This Is My Story, part I.
In a few weeks, I’ll be turning into an age that I’ve been looking forward to for a while. And as it usually goes around this time, I automatically go into reflection mode.
This year’s reflection mode, however, is in extra high gear since I’m in a major transition phase ministry-wise, academic-wise, and life-wise. The confluence of these things have in fact put me somewhat in constant reflection since… Oh I dunno … summertime? It’ll probably last until next year.
I understand that transitions and life uncertainties can be stressful, but at this juncture, stress is the polar opposite of my experience. The words I’d describe this phase are excitement, possibilities, and believe it or not, fun. I’m exhausted, but I’m having fun. And I’m grateful. So grateful that I feel like the luckiest girl in the world, except luck is a misnomer, since all good things in my life are given to me by Him “whom my soul loves.”
It’s not to my credit that these things are so. I have a God, and He has been kind to me. My path has not been trouble-free, but I am clay in the potter’s hand, a vessel in the making, silver being refined, and that makes all the difference. I think God is bringing me toward something, a distinct purpose, of which I don’t know yet but I’m getting closer to it.
I’ve been counting my blessings and concluded that I am tremendously and immensely blessed. So with this post, I’ll begin a series of testimonies of how my life has changed. These are not particular incidents, but the overarching narratives of years of transformation.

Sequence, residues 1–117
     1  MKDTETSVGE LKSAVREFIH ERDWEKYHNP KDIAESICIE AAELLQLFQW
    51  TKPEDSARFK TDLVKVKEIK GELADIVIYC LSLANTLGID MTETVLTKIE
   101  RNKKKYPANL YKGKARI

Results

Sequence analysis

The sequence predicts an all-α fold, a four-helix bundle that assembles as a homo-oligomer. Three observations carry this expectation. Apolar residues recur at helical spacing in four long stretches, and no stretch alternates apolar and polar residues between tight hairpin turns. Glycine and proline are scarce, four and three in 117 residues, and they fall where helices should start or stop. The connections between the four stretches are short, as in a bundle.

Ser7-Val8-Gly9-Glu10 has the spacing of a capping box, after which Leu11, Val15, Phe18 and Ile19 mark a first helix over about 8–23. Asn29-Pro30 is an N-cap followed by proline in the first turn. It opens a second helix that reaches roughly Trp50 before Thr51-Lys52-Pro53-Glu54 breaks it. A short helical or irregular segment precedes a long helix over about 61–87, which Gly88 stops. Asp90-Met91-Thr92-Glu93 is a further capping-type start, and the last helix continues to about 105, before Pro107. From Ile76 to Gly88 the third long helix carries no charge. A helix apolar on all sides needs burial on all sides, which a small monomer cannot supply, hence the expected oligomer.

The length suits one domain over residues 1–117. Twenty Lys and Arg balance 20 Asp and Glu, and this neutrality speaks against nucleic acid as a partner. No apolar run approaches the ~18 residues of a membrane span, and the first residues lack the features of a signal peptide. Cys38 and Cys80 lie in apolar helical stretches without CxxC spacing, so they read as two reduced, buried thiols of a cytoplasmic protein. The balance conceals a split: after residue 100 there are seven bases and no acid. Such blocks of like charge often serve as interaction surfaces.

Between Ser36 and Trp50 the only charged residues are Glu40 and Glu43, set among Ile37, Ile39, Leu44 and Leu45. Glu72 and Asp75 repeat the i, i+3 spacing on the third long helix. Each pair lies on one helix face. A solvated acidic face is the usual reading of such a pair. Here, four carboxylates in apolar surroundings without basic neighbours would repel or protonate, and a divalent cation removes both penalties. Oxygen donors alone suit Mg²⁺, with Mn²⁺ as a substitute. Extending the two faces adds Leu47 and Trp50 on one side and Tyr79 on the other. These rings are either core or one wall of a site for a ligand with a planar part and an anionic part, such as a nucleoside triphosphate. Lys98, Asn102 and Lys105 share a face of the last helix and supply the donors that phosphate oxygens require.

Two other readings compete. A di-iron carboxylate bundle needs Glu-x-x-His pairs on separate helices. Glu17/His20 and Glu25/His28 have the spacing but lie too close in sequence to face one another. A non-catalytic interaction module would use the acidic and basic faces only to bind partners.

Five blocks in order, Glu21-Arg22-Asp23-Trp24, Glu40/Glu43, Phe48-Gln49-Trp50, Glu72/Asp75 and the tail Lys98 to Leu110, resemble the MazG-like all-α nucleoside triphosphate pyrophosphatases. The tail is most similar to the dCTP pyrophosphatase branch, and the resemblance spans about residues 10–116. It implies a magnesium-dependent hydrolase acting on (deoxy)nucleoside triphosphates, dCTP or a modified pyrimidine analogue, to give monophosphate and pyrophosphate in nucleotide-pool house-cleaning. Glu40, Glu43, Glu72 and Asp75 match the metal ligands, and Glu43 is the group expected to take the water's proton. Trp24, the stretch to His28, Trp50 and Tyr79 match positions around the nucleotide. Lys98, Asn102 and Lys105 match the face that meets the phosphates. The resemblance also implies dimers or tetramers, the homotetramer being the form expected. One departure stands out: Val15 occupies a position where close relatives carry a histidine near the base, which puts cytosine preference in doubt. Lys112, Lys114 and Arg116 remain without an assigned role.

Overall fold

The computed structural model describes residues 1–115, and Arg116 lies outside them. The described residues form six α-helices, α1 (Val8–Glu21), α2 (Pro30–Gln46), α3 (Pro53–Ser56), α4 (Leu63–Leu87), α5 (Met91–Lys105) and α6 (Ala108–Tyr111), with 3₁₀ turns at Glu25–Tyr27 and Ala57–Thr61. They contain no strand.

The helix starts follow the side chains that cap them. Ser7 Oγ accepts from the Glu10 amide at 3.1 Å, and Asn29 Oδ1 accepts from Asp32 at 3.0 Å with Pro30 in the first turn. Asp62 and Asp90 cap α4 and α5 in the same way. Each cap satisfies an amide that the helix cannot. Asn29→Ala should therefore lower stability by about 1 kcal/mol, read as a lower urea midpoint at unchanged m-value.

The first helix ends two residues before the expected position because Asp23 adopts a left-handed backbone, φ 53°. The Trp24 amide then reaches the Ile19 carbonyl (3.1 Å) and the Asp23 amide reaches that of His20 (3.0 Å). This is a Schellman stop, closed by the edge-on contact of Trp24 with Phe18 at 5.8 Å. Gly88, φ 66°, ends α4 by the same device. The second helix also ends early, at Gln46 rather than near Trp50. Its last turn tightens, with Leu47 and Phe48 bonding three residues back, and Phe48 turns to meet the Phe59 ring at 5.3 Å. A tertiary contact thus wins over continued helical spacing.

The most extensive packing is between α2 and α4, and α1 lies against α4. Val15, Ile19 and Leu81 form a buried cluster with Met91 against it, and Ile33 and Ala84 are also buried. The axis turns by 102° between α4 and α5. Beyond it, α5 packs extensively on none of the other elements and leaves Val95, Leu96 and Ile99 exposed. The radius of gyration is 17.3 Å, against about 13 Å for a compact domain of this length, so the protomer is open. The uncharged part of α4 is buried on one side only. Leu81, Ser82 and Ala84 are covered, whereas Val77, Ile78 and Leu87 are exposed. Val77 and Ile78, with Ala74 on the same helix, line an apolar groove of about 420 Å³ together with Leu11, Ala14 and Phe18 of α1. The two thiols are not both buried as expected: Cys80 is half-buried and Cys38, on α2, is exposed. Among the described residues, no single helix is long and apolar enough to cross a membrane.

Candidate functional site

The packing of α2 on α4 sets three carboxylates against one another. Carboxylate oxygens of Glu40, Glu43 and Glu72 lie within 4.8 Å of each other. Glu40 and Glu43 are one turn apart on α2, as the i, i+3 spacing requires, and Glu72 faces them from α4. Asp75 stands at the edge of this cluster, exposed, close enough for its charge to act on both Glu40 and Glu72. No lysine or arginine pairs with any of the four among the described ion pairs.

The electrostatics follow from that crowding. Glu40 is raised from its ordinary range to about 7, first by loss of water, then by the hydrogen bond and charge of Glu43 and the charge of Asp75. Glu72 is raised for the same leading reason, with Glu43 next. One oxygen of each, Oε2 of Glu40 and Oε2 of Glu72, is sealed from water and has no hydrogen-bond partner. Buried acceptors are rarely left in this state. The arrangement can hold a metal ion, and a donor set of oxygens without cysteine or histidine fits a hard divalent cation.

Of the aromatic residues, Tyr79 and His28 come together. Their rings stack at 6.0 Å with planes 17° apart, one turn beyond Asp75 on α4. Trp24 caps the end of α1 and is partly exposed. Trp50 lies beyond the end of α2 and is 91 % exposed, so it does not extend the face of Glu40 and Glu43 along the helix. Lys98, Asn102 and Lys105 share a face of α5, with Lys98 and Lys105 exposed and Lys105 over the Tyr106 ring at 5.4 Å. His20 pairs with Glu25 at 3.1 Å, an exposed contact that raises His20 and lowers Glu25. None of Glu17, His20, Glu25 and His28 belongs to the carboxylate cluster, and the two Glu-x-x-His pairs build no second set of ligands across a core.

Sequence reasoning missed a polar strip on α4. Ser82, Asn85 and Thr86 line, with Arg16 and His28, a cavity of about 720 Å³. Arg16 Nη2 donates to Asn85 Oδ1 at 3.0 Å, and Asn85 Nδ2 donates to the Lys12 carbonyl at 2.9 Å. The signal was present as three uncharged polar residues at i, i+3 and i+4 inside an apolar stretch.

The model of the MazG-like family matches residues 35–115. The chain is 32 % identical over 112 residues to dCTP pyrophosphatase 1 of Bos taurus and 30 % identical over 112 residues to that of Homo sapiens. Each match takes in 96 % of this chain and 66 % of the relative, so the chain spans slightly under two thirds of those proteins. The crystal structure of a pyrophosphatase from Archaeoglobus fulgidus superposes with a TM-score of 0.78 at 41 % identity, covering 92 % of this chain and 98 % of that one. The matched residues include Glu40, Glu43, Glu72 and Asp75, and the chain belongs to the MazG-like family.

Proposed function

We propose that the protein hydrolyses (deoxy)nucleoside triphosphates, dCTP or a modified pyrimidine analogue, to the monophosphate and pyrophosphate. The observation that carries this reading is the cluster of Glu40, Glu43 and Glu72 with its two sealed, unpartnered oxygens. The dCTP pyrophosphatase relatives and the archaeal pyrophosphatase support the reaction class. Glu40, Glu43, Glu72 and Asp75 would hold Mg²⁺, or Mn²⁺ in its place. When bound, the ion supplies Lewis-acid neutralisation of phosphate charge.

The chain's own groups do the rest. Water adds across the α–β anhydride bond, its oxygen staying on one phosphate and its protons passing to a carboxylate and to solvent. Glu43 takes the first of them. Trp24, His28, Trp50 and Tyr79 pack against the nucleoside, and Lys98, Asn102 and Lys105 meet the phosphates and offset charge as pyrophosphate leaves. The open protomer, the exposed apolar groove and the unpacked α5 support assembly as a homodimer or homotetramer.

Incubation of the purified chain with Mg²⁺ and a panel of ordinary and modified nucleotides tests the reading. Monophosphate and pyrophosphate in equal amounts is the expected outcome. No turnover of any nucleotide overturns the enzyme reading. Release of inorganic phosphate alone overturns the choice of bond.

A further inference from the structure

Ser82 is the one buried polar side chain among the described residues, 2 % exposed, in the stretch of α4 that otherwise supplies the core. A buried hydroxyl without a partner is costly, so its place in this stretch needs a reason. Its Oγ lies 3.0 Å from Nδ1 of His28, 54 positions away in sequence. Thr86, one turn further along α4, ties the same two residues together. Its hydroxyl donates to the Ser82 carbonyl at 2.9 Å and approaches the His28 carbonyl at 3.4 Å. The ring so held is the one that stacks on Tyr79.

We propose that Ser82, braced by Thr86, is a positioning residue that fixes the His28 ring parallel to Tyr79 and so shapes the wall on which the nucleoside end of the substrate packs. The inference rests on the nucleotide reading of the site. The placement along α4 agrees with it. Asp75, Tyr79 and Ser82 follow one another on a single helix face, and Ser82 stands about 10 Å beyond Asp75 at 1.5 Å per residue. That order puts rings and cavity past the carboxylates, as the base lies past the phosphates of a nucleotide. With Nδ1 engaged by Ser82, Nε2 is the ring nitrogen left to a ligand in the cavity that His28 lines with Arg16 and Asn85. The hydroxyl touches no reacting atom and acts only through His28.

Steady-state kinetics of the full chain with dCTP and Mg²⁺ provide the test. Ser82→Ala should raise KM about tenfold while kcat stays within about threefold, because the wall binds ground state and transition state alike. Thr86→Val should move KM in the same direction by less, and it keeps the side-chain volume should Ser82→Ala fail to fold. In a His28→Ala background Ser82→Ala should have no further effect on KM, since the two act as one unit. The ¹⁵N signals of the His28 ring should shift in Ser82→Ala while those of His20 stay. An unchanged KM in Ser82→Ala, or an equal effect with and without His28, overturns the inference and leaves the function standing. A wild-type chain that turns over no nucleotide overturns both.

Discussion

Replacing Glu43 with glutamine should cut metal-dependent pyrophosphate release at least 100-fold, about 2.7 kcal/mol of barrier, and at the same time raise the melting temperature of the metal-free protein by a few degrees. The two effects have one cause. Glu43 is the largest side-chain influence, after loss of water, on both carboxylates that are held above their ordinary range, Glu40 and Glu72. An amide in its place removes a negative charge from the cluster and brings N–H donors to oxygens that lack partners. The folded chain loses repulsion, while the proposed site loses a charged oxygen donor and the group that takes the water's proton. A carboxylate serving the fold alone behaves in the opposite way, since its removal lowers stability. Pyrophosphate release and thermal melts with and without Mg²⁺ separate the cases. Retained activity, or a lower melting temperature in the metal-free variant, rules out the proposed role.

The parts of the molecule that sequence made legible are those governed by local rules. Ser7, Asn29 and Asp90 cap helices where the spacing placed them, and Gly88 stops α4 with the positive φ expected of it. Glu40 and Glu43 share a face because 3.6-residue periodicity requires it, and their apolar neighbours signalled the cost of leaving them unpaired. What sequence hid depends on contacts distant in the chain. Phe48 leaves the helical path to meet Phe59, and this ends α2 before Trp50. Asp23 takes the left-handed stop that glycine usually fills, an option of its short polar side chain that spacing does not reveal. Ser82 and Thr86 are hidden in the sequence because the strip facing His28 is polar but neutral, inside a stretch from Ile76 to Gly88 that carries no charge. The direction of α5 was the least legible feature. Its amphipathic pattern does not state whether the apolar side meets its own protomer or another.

Oftentimes this generic phrase is used in personal, faith-related testimonies, “God came into my life, and He turned my life around.” What I want to do is spell out just how exactly God has turned mine around.
For me, this reconstruction is deeper than behavioral; it’s in the level of personality, worldview, life philosophy, and the lens through which I perceive people. I’ll pay tribute to the friends I’ve gained, those whom I probably would never come to know if not for my conversion. And of course, I’ll pay tribute to my family and my late father, whose character traits I’ve discovered to be present in me more and more as I grow up. Though my time with him is cut short, I’m so thankful to have been trained, brought up, and loved by him.
In a book by one of my favorite authors, he says, “there are no proofs for the existence of the God of Abraham. There are only witnesses.” (Heschel, The Prophets, p. 27) Well, I am a witness, and I’m unashamed to declare it.
If beauty is in the eye of the beholder, I’d say wealth is in the contented heart. The currency of my life consists of friendships, service, learning, wonder, and moments of reflection. Of these I have many. God has made me rich.